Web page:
Sorry, this has little to do with min/maxing, but when the OP talks about a player creating a character concept that has little to no adventuring angle for the campaign, I felt it was tangentally related.

Usually some fixed number. I used to do averages, or let the players roll, but more and more, I find doing a point based system just ends up being fairer for everyone involved. It's the same reason I do point buy for attributes instead of dice rolling.

For example in the current game I'm running the hp and skill points per level, before modifiers are;

class hp skill points
Alchemist 6 6
Barbarian 12 4
Bard 7 7
Cavalier 10 4
Cleric 7 3
Druid 6 6
Fighter 9 3
Inquisitor 8 6
Magus 7 3
Monk 7 5
Oracle 5 7
Paladin 8 4
Ranger 7 9
Rogue 6 10
Sorcerer 6 2
Summoner 4 6
Witch 5 3
Wizard 5 3

1. Usually 17 or 19 points.

2. Medium, but technically, when I give out exp at the end of the night, it's just a percentage of the average difference in level, so it doesn't really matter what track i use. For example, the amount it takes to get to 6th from 5th is 8000, so if it was a slow night, i might give them 1000, whereas if they accomplished a lot, it would be closer to 2500, but those numbers are all based on what is needed to level, so it wouldn't matter what track we use.

3. I allow all the official hardback books, except the upcoming prestige book, as the current campaign i'm running will be the last one that allows prestige classes. For the other books, players have to run things by me that they want beforehand.

1 person marked this as a favorite.

I house rule a ton of things as GM, but the players always know in advance. As has been mentioned above, I also run my own campaign worlds, so not everything works how it does in PFS.

As for rules problems that come up in the middle of campaigns, I generally get player input on resolving them, but always keep them aware that whatever the ruling is works teh same for npc's as players.

Other times, if we can't quickly find an answer to a rule, I will rule on it and say 'that's the way it's going to work until someone can provide a ruling that says otherwise.' That's the closest I really come to ruling one way with no argument, generally to get back to moving a session along.

Well, i'm the gm for a game, and I don't allow fly until level 7, and one of the players found this spell and asked if it was okay. I'm just trying to work through the logistics of what it actually affects.

Was told about this spell. It has the following description.
This spell grants the target the ability to swim through the air. Creatures with a swim speed can move through the air at that speed. Those without a swim speed must make Swim checks to move as normal. Still air is treated as calm water, light or moderate wind is treated as rough water, strong or severe wind is treated as stormy water, and stronger winds cannot be swum through. This spell does not grant the ability to breathe air to creatures that normally can’t.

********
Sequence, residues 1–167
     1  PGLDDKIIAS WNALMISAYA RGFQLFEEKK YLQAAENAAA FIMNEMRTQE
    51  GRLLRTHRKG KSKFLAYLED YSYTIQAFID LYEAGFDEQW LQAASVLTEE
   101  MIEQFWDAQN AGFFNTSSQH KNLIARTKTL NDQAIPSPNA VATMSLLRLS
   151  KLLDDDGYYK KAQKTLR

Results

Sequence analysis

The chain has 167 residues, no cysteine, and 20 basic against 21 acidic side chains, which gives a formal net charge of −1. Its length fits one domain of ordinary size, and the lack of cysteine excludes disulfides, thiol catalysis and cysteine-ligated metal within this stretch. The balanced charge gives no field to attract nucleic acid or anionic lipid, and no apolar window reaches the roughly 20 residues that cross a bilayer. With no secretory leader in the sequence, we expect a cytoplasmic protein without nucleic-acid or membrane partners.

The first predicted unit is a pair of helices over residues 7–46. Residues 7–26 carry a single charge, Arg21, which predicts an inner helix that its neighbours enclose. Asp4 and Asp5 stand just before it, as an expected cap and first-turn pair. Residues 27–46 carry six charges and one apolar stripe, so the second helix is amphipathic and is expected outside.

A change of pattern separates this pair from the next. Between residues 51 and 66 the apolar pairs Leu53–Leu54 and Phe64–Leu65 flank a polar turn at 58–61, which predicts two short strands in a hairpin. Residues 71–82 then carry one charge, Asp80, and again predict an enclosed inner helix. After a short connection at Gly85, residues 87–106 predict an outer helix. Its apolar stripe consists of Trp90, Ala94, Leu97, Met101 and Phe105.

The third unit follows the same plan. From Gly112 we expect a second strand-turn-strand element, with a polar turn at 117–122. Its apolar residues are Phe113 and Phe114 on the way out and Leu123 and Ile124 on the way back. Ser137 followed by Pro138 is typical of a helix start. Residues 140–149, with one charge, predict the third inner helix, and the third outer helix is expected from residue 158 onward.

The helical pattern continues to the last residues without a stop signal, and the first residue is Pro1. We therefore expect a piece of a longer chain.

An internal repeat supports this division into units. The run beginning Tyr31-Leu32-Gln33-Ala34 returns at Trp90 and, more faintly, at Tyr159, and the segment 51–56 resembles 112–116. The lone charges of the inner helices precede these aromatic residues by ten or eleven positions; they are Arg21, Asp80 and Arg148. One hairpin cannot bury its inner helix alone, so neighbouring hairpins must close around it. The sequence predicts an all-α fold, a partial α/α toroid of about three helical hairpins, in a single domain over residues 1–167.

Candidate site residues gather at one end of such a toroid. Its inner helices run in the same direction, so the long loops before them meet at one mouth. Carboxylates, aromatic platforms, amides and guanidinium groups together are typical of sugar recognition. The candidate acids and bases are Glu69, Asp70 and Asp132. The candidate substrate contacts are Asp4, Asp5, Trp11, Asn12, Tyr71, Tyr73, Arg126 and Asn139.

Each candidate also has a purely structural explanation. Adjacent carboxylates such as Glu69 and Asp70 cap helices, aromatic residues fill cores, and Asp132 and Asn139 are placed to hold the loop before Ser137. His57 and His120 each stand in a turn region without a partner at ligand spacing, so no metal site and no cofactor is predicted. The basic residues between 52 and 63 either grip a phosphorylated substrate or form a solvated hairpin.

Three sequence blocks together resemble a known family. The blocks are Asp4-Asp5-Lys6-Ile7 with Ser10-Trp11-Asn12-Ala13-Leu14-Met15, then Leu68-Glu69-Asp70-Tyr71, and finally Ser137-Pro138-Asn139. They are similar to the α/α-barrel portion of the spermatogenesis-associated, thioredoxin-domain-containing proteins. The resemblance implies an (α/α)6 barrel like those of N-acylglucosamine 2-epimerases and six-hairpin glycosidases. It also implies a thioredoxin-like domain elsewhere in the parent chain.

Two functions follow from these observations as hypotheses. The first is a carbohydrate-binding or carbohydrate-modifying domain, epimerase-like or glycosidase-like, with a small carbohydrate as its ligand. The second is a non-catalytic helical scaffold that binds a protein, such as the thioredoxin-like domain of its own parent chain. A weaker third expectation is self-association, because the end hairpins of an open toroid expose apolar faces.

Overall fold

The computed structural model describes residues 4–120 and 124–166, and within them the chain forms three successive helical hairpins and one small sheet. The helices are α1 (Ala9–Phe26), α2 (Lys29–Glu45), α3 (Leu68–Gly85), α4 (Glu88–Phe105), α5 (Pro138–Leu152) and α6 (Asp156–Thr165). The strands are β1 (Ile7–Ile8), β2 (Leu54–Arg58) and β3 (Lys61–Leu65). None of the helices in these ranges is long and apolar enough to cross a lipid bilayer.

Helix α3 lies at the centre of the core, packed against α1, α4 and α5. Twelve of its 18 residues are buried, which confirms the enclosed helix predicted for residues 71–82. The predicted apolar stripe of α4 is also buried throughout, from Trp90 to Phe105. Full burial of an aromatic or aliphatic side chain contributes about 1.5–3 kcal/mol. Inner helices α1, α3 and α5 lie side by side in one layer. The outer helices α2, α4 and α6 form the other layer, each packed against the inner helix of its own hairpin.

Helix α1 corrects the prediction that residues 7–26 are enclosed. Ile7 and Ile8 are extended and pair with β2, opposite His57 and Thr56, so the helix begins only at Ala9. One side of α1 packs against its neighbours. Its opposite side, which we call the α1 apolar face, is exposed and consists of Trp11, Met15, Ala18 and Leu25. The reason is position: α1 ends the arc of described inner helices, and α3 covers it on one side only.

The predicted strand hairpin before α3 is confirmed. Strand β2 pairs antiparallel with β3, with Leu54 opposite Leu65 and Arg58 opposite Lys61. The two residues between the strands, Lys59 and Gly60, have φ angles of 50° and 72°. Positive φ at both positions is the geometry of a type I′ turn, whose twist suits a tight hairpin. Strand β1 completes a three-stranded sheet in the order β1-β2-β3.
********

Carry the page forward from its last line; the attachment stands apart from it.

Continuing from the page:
As worded, would the target begin falling the moment they stop swimming in the air, or would they sink? If they sink, would they take the standard underwater penalties for melee attacks? I could see -2 ranged penalty for the initial square as well.

If they would just fall, I don't see the attack penalties, as it's probably a gamble to begin with, getting one attack at most.

The same would go if they fail the swim check by 5 or more. I guess it really comes down to whether the air around them is only treated like water when they're actively swimming, and it's treated like air the rest of the time, or if they essentially move through the air like water.

Right now they're all listed under a heading of NPCs/Monsters. I was trying to find a term that was shorter that would cover both.

Thanks for the input.

For instance, if i were listing all the residents of a dungeon i was making

old elven hermit
wounded human adventurer

minotaur zombie
gelatinous cube
ochre jelly

lost cat

Would 'NPC List' be an intuitive heading? Are monsters and animals or monsters with 0 int considered to be npc's? Or, as a GM, would you be thrown off by the monsters in an encounter showing up under the NPC list and not a separate bestiary section?

Can never have too many archetypes. I hated prestige classes about halfway through 3.0, and don't even allow them anymore.

I've only played elves, humans and half-elves.




Usually my players get a level every 4~6 sessions. But gaining experience in my games is less by the book. I look at what the average level in the party is, find out how much experience the difference is between that level and the next, and divide by 4, using that as a base. If they get a lot done, i give slightly more, and if they don't do much, i give a little less. Also, if you're above or below the party average you get -10% or +10%exp per level difference, respectively, whenever you gain exp.

It seems like most games i have one person +1 level, because they never miss a session, one person -1 level because they either miss a lot or die, and everyone else at the average.

My average campaign runs 12-18 months.

I house rule it to where you need the specific type to overcome DR. I was not a fan of the +X catchall that came with pathfinder.

As mentioned earlier, I agree with the 'right tool for the job' approach. In my experience, the party usually needs a few types of weapons, not one for each type, as I've never thrown every DR type under the sun at them.

I'm not sure how varied the DR types are in pathfinder modules, if they'd require the golfbag otherwise.

Always ran it like two-weapon fighting, but will change it to whatever the clarification is once it happens.

All the damage that isn't stopped by DR and ER?

I find this thread fairly interesting. In the 20+ years of playing and DMing, i've yet to hear this come up at a table.

So from that, I would say it's viable if someone at your table isn't telling you otherwise.